A mind map (a graphic organizer) that allows you to organize and present your knowledge of theories and collaborative team work.

As a professional educator, you are aware of both the time and emotional investment required to build effective relationships. Relationship building is a powerful process, and knowledge sharing is one of the key elements that fuels its development. In preparation for your assessment, begin to think about which stakeholders it would be important to forge relationships with for the improvement of curriculum and instruction in your local setting.

Professional learning communities (PLCs) have become widespread as dynamic structures that offer meaningful practices to foster the self-efficacy of teachers and administrators with the goal of augmenting student achievement. Think about the applicability of a PLC in your local setting. If you are currently a member of a PLC, reflect on how the collaboration of educators in curriculum and instruction may improve learning.

In this assessment, you will create a mind map to demonstrate your understanding of theories and collaborative teamwork in curriculum design and improvement. By viewing the final map, the reader will be able to determine the similarities, strengths, and weaknesses of the identified theories.

In addition, the connections and relationships to collaborative teamwork and the collaborative practices for your educational setting will be evident. A mind map is also a tool you can use with your own students to assess their understanding of content relationships.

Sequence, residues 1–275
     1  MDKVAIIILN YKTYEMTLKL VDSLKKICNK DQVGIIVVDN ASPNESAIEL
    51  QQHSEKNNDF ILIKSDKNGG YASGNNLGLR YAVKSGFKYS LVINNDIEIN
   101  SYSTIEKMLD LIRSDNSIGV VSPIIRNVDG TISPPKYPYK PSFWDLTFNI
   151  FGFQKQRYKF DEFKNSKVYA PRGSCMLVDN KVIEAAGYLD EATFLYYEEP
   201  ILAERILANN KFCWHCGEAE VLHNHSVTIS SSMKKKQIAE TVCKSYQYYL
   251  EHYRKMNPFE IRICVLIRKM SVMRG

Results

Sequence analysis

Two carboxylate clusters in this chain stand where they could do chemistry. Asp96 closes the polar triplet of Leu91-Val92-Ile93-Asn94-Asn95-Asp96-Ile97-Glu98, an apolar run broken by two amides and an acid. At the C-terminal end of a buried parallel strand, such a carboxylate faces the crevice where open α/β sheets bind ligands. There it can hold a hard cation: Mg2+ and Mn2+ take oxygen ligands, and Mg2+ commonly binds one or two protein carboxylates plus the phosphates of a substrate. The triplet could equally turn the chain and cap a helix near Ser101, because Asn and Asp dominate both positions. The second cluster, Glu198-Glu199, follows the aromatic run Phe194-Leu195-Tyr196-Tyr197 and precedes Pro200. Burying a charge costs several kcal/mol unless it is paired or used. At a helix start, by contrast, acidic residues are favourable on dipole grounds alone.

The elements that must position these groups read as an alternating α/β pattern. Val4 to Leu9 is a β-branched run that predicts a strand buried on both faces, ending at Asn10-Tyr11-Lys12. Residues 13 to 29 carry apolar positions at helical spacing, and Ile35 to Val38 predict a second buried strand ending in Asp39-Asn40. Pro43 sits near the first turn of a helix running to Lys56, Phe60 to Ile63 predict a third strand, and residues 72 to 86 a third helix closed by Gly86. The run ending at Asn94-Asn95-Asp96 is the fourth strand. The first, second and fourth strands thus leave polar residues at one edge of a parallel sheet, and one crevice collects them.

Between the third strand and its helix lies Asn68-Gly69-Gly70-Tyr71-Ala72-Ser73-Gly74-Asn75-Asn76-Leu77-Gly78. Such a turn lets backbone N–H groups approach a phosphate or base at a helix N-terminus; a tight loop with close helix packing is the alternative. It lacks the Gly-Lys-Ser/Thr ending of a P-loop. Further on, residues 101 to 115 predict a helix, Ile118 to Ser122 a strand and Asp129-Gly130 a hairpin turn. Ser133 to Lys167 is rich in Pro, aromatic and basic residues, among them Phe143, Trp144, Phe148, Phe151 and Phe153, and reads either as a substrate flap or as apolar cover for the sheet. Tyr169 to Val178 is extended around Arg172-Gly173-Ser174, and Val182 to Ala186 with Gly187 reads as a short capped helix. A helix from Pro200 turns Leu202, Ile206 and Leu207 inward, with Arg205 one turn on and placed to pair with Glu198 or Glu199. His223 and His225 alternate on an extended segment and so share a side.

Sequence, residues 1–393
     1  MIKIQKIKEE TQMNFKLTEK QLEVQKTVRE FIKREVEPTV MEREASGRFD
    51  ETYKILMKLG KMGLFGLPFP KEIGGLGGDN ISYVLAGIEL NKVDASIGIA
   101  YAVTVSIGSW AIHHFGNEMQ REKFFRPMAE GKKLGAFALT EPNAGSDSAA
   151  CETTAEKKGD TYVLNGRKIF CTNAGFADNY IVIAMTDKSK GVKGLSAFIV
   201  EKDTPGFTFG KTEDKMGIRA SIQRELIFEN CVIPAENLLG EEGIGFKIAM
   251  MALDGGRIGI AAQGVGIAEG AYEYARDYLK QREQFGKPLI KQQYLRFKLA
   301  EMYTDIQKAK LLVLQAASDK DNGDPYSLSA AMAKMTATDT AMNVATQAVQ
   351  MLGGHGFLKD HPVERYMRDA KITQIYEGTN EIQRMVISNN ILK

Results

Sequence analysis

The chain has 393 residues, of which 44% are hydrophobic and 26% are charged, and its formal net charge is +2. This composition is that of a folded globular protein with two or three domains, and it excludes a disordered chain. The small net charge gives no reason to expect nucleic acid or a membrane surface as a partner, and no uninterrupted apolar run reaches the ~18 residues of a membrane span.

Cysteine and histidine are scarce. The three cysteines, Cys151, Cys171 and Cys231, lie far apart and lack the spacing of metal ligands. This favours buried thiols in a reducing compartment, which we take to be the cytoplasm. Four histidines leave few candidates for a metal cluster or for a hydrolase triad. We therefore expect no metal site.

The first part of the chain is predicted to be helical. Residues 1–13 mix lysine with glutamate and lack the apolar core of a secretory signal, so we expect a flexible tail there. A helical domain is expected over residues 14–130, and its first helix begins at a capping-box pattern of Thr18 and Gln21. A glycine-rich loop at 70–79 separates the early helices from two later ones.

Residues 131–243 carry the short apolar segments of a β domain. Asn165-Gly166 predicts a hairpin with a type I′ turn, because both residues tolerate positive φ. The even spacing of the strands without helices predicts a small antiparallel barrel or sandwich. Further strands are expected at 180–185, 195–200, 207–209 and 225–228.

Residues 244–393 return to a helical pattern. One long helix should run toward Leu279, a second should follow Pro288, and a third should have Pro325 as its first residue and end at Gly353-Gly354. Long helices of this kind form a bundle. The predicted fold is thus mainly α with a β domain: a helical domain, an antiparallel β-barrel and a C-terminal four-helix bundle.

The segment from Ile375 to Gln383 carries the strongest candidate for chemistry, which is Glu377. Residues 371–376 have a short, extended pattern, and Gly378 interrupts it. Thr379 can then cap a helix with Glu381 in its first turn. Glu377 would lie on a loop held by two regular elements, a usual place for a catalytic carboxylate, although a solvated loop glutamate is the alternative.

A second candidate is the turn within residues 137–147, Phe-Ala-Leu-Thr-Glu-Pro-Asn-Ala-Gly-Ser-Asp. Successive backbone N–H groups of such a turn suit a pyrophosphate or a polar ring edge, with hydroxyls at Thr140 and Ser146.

A mind map is a graphic organizer to help organize and present knowledge of the theories and research-based strategies for collaborative team work. Mind maps are not flow charts and they are not linear, with one concept following another. Rather, they give a visual depiction of your knowledge about the connections and relationships among theories, collaborative team work, and collaborative practices for your own educational setting.

Mind maps help you clarify your thinking and even allow you to brainstorm ideas until you can organize your knowledge and demonstrate that knowledge by connecting ideas.

You are required to use a mind mapping tool for this assessment, but the choice of tool is up to you. Below are some recommendations:


The mind map must contain a central idea in the middle—in this case, a thesis statement. The following list is not exhaustive of what your mind map might contain, but these items must be on the map with the relationships and connections to each other evident and explained. Other topics may be included. Let your mind go free and show all of your knowledge. Add as many nodes as relationships you find. You should not have only three on the map.

  • A thesis statement on collaborative skills in curriculum.
  • Relationships between theories of effective collaboration and effective group practices.
  • Relationships between effective group practices and collaborative curriculum design.
  • Relationships between effective group practices and your educational setting.
  • Differences and similarities of theories of collaboration, effective group practices, and curriculum design.

Resources: Mind Mapping

Resources: Collaboration

Resources: Professional Learning Communities